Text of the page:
Edward, in regards to your specific question about a domestic speedboat attack, we have boats--both Coast Guard and state and local--that are armed patrolling our water ways and vessel traffic systems with cameras to monitor our largest ports. This detects and intercepts a vessel that presents a risk or threat profile. We have security zones, which are areas where vessels are not allowed to enter, established around our highest risk operations and critical infrastructure. If a vessel attempts to enter into that area, the Coast Guard is authorized to use force to stop the vessel. We also provide escorts for large passenger vessels and ferry vessels, as well as high-risk vessels such as chemical carriers and liquefied natural gas carriers to ensure their safety. These small boat teams are specially trained to address a multiple small boat attacks, not just a single boat attacks.

With regard to security, since July 2004, we have boarded 16,000 vessels and have found numerous violations, many of which we could correct and allow the vessel in to handle cargo. However, there were 144 cases where the vessel was not allowed to come into U.S. waters.

The Coast Guard is not alone in this effort. We received the port from the customs and border protection officers both in foreign ports, where they check cargo before it departs, as well as upon arrival in the United States. If we believe any cargo or individual presents a significant threat to the United States, we can deny entry into U.S. waters.

Beverly, from Cincinnati writes:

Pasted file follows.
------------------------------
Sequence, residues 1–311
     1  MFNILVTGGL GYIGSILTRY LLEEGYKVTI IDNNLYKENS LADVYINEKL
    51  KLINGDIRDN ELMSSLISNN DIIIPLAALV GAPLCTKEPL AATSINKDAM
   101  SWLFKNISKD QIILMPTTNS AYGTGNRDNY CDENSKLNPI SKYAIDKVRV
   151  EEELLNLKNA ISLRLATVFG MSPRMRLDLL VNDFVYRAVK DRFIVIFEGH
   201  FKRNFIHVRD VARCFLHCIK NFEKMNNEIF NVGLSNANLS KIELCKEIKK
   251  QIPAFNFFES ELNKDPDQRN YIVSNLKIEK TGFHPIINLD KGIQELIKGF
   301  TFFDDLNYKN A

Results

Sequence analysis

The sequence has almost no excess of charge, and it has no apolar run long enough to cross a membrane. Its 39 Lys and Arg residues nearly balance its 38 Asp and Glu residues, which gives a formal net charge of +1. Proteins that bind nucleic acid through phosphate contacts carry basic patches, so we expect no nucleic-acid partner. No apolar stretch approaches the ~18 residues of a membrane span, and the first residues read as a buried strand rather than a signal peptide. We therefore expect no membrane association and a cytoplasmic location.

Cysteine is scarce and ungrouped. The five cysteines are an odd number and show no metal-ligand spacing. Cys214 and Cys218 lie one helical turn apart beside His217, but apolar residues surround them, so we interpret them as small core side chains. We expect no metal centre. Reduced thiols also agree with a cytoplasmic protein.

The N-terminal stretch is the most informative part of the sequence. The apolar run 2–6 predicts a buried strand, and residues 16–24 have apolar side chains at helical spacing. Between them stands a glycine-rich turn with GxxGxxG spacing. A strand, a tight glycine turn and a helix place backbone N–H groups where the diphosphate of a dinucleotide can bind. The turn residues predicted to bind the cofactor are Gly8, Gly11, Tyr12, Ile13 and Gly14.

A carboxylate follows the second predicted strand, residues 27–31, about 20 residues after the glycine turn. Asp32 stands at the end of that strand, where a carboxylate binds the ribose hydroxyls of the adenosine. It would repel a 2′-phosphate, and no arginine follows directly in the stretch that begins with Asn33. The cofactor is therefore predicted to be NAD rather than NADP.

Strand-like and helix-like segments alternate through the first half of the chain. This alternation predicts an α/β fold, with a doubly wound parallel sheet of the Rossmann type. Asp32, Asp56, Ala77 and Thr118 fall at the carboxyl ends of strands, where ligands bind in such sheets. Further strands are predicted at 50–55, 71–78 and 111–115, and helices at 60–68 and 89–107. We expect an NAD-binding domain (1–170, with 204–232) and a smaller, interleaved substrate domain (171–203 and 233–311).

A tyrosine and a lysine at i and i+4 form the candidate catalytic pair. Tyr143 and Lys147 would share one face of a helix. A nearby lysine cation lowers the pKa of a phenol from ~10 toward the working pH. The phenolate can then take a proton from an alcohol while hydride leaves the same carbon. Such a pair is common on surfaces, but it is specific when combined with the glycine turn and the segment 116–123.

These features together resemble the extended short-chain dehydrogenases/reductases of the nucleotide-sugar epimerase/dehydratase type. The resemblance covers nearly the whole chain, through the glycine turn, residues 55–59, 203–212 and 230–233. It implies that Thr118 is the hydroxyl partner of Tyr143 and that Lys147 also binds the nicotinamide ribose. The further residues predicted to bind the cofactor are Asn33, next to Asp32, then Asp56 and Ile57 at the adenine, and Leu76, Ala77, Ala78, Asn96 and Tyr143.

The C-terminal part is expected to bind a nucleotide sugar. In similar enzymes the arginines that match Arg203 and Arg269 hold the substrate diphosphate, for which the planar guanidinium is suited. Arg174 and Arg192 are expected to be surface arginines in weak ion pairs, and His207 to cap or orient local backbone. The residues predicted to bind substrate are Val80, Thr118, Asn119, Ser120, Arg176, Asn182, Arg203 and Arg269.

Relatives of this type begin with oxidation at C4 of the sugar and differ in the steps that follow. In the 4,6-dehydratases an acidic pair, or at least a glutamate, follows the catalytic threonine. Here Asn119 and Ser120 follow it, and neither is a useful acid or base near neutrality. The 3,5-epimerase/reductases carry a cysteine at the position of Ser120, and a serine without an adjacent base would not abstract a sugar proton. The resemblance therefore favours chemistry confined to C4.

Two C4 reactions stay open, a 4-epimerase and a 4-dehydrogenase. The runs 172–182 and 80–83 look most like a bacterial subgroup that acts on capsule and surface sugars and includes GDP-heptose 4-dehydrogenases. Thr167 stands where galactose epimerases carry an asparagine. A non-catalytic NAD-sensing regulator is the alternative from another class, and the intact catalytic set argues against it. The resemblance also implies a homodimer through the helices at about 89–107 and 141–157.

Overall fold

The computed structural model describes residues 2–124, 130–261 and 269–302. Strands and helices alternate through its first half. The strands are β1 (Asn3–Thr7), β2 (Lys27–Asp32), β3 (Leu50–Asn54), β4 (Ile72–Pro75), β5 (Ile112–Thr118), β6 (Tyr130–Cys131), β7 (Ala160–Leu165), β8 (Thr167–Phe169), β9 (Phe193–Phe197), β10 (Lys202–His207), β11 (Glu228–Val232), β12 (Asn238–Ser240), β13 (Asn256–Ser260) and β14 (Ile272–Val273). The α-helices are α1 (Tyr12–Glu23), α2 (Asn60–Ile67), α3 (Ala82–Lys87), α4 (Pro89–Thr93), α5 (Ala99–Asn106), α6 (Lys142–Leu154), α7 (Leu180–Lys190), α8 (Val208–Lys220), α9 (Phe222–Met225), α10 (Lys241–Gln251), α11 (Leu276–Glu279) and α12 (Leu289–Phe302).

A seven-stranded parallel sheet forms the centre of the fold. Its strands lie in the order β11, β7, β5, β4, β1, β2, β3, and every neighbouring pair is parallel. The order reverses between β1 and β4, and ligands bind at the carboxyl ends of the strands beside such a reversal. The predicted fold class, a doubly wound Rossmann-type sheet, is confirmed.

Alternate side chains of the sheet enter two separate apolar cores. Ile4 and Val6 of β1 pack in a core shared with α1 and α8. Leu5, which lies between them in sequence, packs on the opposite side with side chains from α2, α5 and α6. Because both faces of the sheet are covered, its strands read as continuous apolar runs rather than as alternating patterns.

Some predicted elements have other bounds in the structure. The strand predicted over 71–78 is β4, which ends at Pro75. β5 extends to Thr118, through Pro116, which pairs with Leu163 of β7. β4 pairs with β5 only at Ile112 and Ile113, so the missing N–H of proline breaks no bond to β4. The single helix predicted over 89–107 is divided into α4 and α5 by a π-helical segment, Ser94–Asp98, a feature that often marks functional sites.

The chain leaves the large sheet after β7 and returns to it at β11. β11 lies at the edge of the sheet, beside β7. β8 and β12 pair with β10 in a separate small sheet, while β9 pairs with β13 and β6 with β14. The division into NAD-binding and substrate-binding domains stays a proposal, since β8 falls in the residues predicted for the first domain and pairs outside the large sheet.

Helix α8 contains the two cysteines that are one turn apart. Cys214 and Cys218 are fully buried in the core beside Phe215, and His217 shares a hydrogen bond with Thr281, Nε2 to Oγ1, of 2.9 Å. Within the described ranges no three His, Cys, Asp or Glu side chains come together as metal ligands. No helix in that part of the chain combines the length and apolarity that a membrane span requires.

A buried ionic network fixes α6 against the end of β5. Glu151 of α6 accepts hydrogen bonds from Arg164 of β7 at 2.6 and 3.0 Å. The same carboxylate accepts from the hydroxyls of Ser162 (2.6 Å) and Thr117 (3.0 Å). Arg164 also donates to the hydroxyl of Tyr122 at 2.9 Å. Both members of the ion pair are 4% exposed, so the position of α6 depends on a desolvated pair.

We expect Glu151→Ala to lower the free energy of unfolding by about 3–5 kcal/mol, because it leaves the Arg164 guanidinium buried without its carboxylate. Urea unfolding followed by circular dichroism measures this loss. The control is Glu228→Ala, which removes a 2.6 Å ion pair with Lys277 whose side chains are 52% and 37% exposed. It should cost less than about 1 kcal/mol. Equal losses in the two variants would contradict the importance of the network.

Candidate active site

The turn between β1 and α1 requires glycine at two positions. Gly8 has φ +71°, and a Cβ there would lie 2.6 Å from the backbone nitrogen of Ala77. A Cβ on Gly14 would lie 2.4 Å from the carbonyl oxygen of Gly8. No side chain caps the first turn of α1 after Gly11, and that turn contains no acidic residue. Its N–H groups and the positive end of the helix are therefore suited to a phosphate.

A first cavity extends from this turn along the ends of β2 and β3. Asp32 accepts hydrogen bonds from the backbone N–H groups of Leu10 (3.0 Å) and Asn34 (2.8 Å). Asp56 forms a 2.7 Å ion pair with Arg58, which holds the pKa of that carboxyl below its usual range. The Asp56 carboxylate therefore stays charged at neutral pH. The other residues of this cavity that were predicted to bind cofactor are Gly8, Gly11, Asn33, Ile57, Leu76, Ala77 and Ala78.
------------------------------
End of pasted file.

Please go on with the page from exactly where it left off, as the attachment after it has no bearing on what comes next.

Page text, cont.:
How will Dubai's port authority impact on homeland security? Dubai isn't the United States.

Rear Admiral Craig E. Bone
First, Dubai, as a country, gains no additional authority within our ports, as a result of this transaction. They would own a terminal, or a facility, they don't control the port operations. They have no responsibility for security or safety for the port as a whole. However, they do have responsibility for the safety and security operations within the fence lines of their facility. Again, as I mentioned earlier, a vessel has to be pre-screened for its crew or passengers, its cargo and its operations companies history before it will be considered for entry into the United States.

A vessel that contracts with Dubai might never make it here if the U.S. Coast Guard feels it is a threat to the United States. Most vessels do not present that threat profile and are legitimate operations, but we know that even legitimate operations can be compromised as we know from the war on drugs. As such, we also conduct random boardings of vessels.

When a ship does arrive to begin off-loading cargos, again, the border protection uses a targeting to identify the highest risk cargo, which requires further screening, such as x rays and radiation detection, immediately as the cargo is off-loaded.